Artificial intelligence outperforms standard blood-based scores in identifying liver fibrosis patients in primary care

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Abstract

For years, hepatologists have been seeking non-invasive methods able to detect significant liver fibrosis. However, no previous algorithm using routine blood markers has proven to be clinically appropriate in primary care. We present a novel approach based on artificial intelligence, able to predict significant liver fibrosis in low-prevalence populations using routinely available patient data. We built six ensemble learning models (LiverAID) with different complexities using a prospective screening cohort of 3352 asymptomatic subjects. 463 patients were at a significant risk that justified performing a liver biopsy. Using an unseen hold-out dataset, we conducted a head-to-head comparison with conventional methods: standard blood-based indices (FIB-4, Forns and APRI) and transient elastography (TE). LiverAID models appropriately identified patients with significant liver stiffness (> 8 kPa) (AUC of 0.86, 0.89, 0.91, 0.92, 0.92 and 0.94, and NPV ≥ 0.98), and had a significantly superior discriminative ability (p < 0.01) than conventional blood-based indices (AUC = 0.60–0.76). Compared to TE, LiverAID models showed a good ability to rule out significant biopsy-assessed fibrosis stages. Given the ready availability of the required data and the relatively high performance, our artificial intelligence-based models are valuable screening tools that could be used clinically for early identification of patients with asymptomatic chronic liver diseases in primary care.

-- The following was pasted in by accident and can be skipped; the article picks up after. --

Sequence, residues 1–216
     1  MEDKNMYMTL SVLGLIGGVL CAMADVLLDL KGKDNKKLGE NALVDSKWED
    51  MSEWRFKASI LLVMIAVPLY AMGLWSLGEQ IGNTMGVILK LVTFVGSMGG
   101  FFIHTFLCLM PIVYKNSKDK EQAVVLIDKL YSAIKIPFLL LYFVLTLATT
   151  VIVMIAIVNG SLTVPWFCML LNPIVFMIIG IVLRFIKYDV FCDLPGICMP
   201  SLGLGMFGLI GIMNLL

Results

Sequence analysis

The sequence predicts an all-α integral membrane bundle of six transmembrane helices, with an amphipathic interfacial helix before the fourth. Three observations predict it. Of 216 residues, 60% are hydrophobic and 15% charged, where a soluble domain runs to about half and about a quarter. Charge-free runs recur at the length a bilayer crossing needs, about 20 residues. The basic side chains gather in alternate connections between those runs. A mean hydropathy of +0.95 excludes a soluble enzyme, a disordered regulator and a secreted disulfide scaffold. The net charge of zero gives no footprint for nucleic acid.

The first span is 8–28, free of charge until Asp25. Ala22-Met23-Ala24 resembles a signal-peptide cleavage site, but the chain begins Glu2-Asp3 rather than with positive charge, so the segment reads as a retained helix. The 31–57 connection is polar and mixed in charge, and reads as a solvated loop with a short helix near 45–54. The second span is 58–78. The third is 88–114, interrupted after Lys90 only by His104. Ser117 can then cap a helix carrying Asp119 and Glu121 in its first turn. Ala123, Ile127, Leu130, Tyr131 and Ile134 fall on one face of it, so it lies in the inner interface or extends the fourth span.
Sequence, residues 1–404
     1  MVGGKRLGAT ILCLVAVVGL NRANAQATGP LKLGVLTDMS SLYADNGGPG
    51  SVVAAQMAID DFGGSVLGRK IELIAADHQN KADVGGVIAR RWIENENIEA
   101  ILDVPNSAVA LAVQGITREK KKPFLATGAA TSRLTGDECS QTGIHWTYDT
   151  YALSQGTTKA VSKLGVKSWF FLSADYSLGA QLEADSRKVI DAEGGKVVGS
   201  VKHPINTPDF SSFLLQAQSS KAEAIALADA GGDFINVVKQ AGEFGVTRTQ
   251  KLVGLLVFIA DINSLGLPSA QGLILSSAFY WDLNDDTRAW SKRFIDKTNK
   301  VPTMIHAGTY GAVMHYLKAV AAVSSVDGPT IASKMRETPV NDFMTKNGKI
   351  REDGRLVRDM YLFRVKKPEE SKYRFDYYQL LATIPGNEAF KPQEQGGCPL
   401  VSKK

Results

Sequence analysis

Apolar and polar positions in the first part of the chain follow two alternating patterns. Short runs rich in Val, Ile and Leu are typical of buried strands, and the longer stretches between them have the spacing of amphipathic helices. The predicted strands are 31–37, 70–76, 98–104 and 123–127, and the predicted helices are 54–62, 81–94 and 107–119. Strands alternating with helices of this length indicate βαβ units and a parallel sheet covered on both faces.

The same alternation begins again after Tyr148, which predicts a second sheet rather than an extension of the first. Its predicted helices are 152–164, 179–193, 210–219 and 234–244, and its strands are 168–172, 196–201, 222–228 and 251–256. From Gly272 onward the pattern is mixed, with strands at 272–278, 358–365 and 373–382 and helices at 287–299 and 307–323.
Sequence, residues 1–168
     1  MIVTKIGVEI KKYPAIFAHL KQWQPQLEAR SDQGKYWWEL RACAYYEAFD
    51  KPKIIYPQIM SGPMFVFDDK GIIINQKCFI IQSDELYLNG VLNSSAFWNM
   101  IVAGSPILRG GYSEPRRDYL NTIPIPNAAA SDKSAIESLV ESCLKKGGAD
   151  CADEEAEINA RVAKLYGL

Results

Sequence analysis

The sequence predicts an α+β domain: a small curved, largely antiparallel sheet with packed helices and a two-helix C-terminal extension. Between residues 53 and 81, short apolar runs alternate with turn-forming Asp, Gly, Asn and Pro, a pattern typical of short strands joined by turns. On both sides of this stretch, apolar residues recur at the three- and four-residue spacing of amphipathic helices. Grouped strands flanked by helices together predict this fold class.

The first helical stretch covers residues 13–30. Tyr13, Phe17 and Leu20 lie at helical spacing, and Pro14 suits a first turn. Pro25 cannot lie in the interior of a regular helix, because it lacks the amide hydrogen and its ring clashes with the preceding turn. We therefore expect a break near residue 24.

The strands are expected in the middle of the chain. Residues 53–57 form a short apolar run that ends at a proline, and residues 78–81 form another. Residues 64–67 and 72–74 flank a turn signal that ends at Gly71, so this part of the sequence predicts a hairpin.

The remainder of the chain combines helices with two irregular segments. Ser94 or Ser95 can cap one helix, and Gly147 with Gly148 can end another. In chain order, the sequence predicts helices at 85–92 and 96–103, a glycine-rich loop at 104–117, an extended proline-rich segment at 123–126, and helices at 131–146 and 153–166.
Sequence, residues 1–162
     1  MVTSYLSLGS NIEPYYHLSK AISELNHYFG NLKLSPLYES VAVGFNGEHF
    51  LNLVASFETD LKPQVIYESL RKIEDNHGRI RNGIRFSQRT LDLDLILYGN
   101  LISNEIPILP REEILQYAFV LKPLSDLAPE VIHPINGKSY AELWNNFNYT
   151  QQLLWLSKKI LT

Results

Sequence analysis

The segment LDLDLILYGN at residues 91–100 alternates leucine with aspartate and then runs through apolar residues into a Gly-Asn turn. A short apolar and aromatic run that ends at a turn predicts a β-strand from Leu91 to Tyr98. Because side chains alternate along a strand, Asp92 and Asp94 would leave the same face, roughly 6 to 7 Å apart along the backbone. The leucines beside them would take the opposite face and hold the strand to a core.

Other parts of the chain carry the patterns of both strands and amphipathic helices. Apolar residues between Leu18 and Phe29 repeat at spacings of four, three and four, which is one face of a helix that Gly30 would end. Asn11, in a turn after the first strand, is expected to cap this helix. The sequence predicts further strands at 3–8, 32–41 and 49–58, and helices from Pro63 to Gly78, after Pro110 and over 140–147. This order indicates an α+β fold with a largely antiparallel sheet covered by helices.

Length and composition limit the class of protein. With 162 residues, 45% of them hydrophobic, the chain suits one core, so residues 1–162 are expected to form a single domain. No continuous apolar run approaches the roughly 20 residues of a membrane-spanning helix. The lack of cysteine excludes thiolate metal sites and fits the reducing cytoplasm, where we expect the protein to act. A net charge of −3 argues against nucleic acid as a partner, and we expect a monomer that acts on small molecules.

Original languageEnglish
Article number2914
JournalScientific Reports
Volume12
Number of pages11
ISSN2045-2322
DOIs
Publication statusPublished - 21. Feb 2022

Keywords

  • Adult
  • Artificial Intelligence
  • Asymptomatic Diseases
  • Biomarkers/blood
  • Biopsy
  • Chronic Disease
  • Elasticity Imaging Techniques
  • Female
  • Humans
  • Liver Cirrhosis/diagnosis
  • Male
  • Middle Aged
  • Primary Health Care/methods
  • Prospective Studies

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